[Previous posts in this semester's Teaching Notes series: Teaching Paul; Teaching Notes 1; Teaching Notes 2: Playing with Paul on Powerpoint]
I have talked a little in my previous posts about teaching Paul in a course called Rel 108: The Life and Letters of Paul. I have not yet discussed the other undergraduate course I am taking this semester, Rel 102: Introduction to New Testament. This is now the third time that I have take the course at Duke, twice last year and once this (I am only teaching it once a year in future -- twice a year is far too much for the same course, however much fun it is). For some students, this will be their only NT course; for some their only Religion course. For others, it will form the basis for going on to Historical Jesus and / or Life and Letters of Paul. My philosophy with NT Introduction is to try to make it as balanced as possible without making it boring. As far as I am concerned, that means that it is important to take a little extra time if there is a topic of particular interest to the course instructor. It will not, therefore, surprise anyone that I like to take three (75 minute) sessions on the Synoptic Problem.
Broadly, I divide up these sessions into (1) Introduction plus data, (2) Triple Tradition and Marcan Priority, (3) Double Tradition and Q. The first is particularly important -- I am critical of those who launch into the study of the Synoptic Problem by jumping straight to solutions to it. This encourages people to view the data through the lens of the solution in question, usually the Two-Source Theory. In the session on Marcan Priority, I focus in on the competing claims of the Griesbach Hypothesis vs. Marcan Priority theories (i.e. Farrer and Two-Source). In today's session, the third, which focused on Double Tradition and Q, I took half the session to present the case for Q and the second half to present the case against. I thought it might be worth mentioning here since Tim Lewis has called on people to share their experiences of Teaching Q on his new Source Theory blog.
What I attempt to do is to present the case for Q as clearly and strongly as possible. I don't preview objections, I avoid using terms like "supposedly" and "allegedly" and in general make the attempt to imagine myself into the position of a real life Q theorist, something that is not too difficult because I know (and like) quite a lot of them. I enjoy this exercise very much and regard it as indispensable if the students are to get a feel for the generally perceived plausibility of the case for Q. Of course to do this in 30 minutes is not easy, but I distill it to four key arguments (Luke's order, Luke's lack of Matthew's additions to Mark, Luke's lack of M and Alternating Primitivity). After the break (we take a four-five minute break at the mid point), I present the case against Q, attempting to lay out my objections to the points made in the first half. I should add that I am aware that the overall rhetorical effect of doing things like this is to present my own view as the more plausible, and in general students are usually persuaded, at least if their comments and mid-term papers are anything to go by. Given those circumstances, I always make clear that my own view is the minority one, that the Q theory is the majority view and that it essential that they come to terms first hand with what the majority are saying. In an attempt to pursue that goal, for example, I set them Bart Ehrman's chapter on the Synoptic Problem before the class so that they can experience the consensus view directly.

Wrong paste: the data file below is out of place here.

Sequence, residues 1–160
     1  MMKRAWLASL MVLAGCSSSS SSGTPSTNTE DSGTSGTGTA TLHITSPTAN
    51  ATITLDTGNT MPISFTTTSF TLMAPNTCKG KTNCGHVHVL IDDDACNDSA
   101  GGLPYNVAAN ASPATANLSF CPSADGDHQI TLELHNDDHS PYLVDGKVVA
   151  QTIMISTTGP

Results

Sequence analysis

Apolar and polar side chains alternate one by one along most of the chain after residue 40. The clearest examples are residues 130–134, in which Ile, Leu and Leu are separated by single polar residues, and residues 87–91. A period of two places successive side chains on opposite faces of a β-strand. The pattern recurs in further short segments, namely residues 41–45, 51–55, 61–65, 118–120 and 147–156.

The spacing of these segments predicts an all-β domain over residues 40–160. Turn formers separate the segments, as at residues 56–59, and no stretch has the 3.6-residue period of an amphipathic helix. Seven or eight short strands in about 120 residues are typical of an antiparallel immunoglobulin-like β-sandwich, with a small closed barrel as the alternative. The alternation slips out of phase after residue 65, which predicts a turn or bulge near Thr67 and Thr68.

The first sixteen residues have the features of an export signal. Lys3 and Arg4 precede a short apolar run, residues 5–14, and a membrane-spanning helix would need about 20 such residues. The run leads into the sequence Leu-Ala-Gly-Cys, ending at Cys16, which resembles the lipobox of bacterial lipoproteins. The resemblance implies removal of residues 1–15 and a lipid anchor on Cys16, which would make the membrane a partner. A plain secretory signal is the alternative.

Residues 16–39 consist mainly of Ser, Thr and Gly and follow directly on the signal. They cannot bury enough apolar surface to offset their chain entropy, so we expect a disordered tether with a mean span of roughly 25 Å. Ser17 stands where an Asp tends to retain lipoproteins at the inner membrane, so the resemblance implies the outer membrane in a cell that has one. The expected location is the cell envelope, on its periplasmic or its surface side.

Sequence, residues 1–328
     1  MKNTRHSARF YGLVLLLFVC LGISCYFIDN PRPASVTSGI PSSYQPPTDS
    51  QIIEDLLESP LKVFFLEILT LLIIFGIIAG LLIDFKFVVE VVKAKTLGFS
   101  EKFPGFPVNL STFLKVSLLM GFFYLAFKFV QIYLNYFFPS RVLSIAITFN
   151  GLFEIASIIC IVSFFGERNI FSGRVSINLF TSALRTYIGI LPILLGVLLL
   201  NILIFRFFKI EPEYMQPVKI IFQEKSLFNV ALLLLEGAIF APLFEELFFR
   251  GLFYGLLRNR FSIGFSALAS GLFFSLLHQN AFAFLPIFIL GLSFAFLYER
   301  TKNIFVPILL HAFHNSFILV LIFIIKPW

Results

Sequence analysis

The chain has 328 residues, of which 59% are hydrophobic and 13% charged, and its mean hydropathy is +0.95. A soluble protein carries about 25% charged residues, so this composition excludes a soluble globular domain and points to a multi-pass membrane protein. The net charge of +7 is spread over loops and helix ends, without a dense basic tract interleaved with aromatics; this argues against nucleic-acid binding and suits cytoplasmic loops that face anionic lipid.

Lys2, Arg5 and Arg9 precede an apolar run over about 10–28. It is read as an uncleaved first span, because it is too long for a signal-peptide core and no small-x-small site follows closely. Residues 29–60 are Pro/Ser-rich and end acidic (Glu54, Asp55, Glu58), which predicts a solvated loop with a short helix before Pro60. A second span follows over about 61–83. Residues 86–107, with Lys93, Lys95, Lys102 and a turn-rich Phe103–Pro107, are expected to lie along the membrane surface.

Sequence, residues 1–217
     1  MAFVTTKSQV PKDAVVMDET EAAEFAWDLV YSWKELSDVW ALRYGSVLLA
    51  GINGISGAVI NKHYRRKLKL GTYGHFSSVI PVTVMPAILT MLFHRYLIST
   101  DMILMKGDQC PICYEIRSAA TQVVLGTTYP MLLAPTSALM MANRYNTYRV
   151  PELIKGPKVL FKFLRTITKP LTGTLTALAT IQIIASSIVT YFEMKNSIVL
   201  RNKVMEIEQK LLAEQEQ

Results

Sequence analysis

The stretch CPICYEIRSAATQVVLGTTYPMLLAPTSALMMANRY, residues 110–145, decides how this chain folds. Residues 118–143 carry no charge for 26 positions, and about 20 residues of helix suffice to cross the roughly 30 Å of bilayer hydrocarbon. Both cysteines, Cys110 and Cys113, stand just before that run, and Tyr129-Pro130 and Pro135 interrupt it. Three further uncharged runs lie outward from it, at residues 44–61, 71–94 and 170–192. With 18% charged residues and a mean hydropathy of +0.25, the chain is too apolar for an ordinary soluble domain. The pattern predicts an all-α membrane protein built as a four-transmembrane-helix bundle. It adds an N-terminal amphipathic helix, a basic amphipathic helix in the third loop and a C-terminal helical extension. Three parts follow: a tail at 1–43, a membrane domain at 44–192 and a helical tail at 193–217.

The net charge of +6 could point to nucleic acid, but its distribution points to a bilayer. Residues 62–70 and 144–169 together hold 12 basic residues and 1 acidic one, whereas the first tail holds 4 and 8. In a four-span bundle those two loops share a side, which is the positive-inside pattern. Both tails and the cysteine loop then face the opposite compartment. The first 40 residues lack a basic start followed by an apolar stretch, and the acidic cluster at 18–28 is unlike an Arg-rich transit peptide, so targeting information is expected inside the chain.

There is one argument I never use in teaching but which always comes through in student written work and comments and I am never entirely sure what to make of it. It seems to worry most undergraduate students a great deal, far more than it worries me, that Q is hypothetical. I always get asked, "But what is the evidence for it?" where by evidence, they mean manuscript witness. When I explain that there isn't any, I get some funny looks. I then often have to explain that this is not as big a deal as it might sound to them, but I am seldom able to convince people about this. I can't imagine what it must be like for a Q theorist who has to deal with the same questions. Perhaps I get asked because they are precociously attempting to add to the problems they perceive that I have with it, but I don't think so.
One of the delights of teaching Duke students is that they so often anticipate objections before one has made them. When I was talking about alternating primitivity as an important argument in favour of Q, I used the text book examples of "Blessed are the poor" vs. "Blessed are the poor in spirit" and "Our father in heaven" vs. "Father". At the beginning of our second half, one student pronounced herself unconvinced by this argument since, she said, it could be that Luke simply liked less flowery, more concise terminology, as she did when she was redacting other people's material. Another pointed out that some appearances of greater primitivity might be illusory given a careful look at Luke's actual preferred characteristics and tendencies. Sometimes I think my job is a bit too easy. (But then again, I'm the one up, working after midnight, reflecting on my teaching!).